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Taking Care of Youth With Sickle Cell Disease – Taking it to the Next Level :

June 21, 2019

In a recently released article in Pediatrics, Dr. Brousseau and colleagues examine key questions about hydroyurea use among children with sickle cell anemia and other sickle cell genotypes.

In a recently released article in Pediatrics, Dr. Brousseau and colleagues (10.1542/peds.2018-3285) examine key questions about hydroyurea use among children with sickle cell anemia and other sickle cell genotypes. It has been clearly shown in controlled trials at academic centers that use of hydroxyurea decreases episodes of pain (vaso-occlusive crises) and rates of hospitalizations and Emergency Department visits for children and adults with sickle cell disease.  This data is impressive and solid enough that since 2014, the National Heart Lung and Blood Institute (NHLBI) has recommended offering hydroxyurea to all children 9 months of age or older who have sickle cell anemia regardless of severity. What’s not yet known is whether these potential benefits and guidelines have translated to the community and beyond single academic sites.

To answer this question, the authors used a multi-state Medicaid claims data base called the Truven/IBM-Watson Health MarketScan Medicaid data base, and examined claims over the period of 2009-2015 for youth ages 1-19 years old with sickle cell disease. Since 80% of children with sickle cell disease receive Medicaid insurance, this should capture most eligible individuals; over 5,000 individuals were included for each year. The approach to the analysis is well explained and easy to follow, and the main outcome was patient receipt of hydroxyurea, as measured by a filled pharmacy prescription claim. Percent of days on hydroxyurea was calculated, with “coverage” defined as 66% of days on medication.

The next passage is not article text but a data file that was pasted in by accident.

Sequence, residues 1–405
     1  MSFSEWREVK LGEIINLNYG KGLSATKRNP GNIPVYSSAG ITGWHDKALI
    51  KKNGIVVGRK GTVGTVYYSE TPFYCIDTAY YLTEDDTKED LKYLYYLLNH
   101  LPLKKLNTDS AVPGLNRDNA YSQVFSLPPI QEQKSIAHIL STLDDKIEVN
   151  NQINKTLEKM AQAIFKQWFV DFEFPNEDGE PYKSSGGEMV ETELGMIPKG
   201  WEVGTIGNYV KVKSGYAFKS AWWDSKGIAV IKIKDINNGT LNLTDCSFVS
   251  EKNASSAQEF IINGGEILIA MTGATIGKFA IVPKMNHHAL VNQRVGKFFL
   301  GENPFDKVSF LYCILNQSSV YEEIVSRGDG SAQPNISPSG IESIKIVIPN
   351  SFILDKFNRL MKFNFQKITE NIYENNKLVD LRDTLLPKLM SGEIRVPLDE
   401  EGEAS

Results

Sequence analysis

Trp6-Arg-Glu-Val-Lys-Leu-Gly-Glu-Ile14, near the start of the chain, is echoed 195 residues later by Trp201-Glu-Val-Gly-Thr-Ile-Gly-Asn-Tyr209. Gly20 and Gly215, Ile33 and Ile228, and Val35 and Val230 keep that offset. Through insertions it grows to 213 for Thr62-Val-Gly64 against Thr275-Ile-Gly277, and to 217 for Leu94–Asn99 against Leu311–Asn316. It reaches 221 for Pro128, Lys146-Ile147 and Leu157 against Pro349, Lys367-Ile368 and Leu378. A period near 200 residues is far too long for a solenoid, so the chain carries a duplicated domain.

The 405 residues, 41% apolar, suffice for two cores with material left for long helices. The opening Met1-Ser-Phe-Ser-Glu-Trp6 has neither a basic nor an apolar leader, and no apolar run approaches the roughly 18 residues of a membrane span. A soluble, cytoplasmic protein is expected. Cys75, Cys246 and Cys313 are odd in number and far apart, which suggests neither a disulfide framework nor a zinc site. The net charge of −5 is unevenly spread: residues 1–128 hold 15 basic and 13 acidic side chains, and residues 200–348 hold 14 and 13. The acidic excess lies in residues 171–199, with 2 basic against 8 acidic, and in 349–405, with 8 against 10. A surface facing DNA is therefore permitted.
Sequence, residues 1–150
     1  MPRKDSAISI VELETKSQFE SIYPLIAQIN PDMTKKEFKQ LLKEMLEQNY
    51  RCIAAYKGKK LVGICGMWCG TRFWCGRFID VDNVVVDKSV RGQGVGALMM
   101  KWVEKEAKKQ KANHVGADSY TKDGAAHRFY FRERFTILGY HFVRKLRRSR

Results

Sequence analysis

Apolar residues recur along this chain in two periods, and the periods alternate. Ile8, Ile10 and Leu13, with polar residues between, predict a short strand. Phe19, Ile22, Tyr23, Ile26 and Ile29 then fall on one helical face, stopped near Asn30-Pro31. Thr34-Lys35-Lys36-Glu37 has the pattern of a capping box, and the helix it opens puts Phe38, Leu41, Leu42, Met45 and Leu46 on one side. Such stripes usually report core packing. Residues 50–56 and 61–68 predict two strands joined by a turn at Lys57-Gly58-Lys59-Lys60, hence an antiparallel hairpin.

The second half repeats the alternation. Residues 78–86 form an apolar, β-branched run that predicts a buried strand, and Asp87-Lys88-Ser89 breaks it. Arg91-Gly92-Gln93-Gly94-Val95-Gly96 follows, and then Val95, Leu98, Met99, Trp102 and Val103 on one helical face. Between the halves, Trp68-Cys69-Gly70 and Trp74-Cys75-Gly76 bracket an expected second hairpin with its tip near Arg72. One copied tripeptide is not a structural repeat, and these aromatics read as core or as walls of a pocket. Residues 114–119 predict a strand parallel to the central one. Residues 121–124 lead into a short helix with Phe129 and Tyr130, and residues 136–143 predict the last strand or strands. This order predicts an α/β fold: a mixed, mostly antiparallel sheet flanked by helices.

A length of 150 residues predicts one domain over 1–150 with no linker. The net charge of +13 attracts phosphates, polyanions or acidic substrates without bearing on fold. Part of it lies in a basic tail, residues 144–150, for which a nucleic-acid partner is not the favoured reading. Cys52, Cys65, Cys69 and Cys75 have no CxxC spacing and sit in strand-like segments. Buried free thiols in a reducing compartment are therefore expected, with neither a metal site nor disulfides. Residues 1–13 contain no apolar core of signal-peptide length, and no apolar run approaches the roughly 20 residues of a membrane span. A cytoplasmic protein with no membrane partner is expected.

I’m not giving away much to share that the good news was limited to an increase in utilization over time, and the bad news was that just 1 in 4 youth with sickle cell anemia (28.2% in 2015) received any one month of hydroxyurea, and even fewer achieved the relatively low bar set for continuous coverage. While the study results are highly disappointing in terms of the main study question, the opportunities for improving care are enormous.  What is a reasonable plan moving forward? Clearly those who provide direct care to youth with sickle cell diseases are in a good position to respond. But this seems a perfect question for research methodologies that include patients, not just as participants, but as researchers. What are the barriers to hydroxyurea use from the patient and family perspective? What would make hydroxyurea use acceptable and even desirable among those with sickle cell disease? Community based participatory research (CBPR) is a relevant model, in which individuals from the community partner with academic researchers.1 In CBPR community and neighborhood partners work hand in hand with scientists to conduct the research – this includes developing relevant research questions and using participatory methods that don’t lose sight of the family’s and child’s perspectives and needs, such as focus groups and semi-structured interviews led by peers. We can do a lot better for youth with sickle cell disease, and the challenge Brousseau and colleagues’ article sets out for us is a first step.

Reference

1. Belone L, Lucero JE, Duran B, et al. Community-Based Participatory Research Conceptual Model: Community Partner Consultation and Face Validity. Qual Health Res. 2016;26(1):117–135. doi:10.1177/1049732314557084

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